PET/MRI Shows Growing Edge Over PET/CT In Oncology
- June 8, 2016
Going with the results of the first round of research in Radiology, published online on the 5th of September, the evaluation and management of patients with various forms of cancer was done more accurately by FDG-PET/MRI than by PET/CT.
Researchers from Italy and U.S. have come to the conclusion that PET/MRI performed much better than PET/CT in countering swelling of lymph nodes (lymphadenopathy) and reaching tumor-affected regions, like kidneys, that PET/CT found difficulty in accessing. It also went deeper with hepatic and bony metastases.
According to lead author Dr. Onofrio Catalano, department of radiology, SDN Istituto Ricerca Diagnostica Nucleare in Naples, Italy, and his colleagues, PET/MRI added supplementary information that influenced the clinical management of 24 out of 134 patients taken into study.
PET/MRI Vs. PET/CT
As noted by the author, FDG-PET/CT has frequently been chosen for oncologic imaging over the last ten years. However, the more recent hybrid PET/MRI has made known its competence in the same area. For instance, in comparison to CT, MRI has improved soft-tissue contrast-to-noise ratio in the pelvis, central nervous system and abdomen, and with no radiation. Apart from that, physicians can use MR spectroscopy, perfusion-weighted imaging and diffusion-weighted MRI to assess tissue function. The authors wrote that these features of MRI, when coupled with the metabolic data provided by PET, put forward the possibility of PET/MRI having a widespread effect on the care of patients.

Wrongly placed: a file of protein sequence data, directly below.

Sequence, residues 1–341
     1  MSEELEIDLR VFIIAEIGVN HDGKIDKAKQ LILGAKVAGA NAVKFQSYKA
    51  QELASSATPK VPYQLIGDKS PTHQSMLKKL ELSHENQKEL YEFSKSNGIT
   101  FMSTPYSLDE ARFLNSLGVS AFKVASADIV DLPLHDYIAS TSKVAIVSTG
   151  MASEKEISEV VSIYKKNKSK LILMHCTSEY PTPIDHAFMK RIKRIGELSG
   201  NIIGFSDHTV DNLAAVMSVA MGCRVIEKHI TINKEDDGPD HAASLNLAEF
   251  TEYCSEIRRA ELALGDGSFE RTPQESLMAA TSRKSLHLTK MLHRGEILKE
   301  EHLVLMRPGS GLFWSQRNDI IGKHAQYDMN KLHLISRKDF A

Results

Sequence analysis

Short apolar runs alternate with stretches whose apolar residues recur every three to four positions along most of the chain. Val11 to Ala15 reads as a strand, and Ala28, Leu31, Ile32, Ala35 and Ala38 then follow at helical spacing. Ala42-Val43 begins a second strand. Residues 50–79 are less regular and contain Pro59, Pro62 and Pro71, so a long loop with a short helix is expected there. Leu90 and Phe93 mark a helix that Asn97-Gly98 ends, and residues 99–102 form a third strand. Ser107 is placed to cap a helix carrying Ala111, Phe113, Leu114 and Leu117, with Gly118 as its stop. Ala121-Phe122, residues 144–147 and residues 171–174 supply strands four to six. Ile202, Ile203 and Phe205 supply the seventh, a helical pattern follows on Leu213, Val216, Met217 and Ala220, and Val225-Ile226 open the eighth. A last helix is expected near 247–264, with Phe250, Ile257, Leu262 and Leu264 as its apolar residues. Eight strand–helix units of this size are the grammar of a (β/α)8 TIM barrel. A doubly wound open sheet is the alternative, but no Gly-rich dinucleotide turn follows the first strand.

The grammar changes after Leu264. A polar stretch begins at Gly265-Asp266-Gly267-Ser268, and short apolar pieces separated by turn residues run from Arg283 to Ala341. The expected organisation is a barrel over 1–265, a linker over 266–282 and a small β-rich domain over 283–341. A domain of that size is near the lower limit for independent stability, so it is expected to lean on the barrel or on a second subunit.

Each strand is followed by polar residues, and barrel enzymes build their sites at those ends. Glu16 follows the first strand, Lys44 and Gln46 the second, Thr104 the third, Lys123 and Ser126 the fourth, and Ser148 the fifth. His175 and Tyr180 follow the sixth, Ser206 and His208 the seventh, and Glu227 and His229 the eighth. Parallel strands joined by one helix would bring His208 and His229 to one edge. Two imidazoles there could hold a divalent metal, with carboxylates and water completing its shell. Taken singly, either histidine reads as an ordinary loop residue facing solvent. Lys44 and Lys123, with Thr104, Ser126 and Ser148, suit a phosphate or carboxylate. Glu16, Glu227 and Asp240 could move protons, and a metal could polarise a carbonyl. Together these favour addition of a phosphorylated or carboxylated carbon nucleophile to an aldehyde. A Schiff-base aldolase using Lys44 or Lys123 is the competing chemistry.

The contemplative study conducted by Catalano and his colleagues examined successive patients who were scheduled for FDG-PET/MRI and FDG-PET/CT on the same day for recording neoplasms outside of the central nervous system or oncologic staging.
Subjects who were either pregnant or had improper PET/MR or PET/CT images or both due to system malfunction or low patient support; or were unable to stay in the PET/MRI scanner were barred from the study. The final group of patients included 52 men and 82 women, the average age being 57.9 years.
PET/CT examinations were carried out over a 64-detector-row system about an hour following FDG injection. The scans were carried out till the cranium starting from the mid-thigh, either without or with contrast.
A 16-channel neck and head surface coil, along with 3-4 12-channel body coils, which depended upon the height of the patient, were used to acquire PET/MRI readings. Only clinical signs were the basis of choosing PET/MRI procedures. The scans started roughly 88 minutes following FDG injection and took 66 minutes on average to complete.
Catalano and his colleagues noted that the analysis demonstrated that PET/MRI and PET/CT results were the same for 73 out of 134 patients.
PET/MRI exposed further abnormalities in 55 patients, that PET/CT had been unable to discover, and different treatment for 24.
On the contrary, PET/CT exposed findings other than what PET/MRI had shown in six of the patients, discovering lung nodules lesser than 6 mm.
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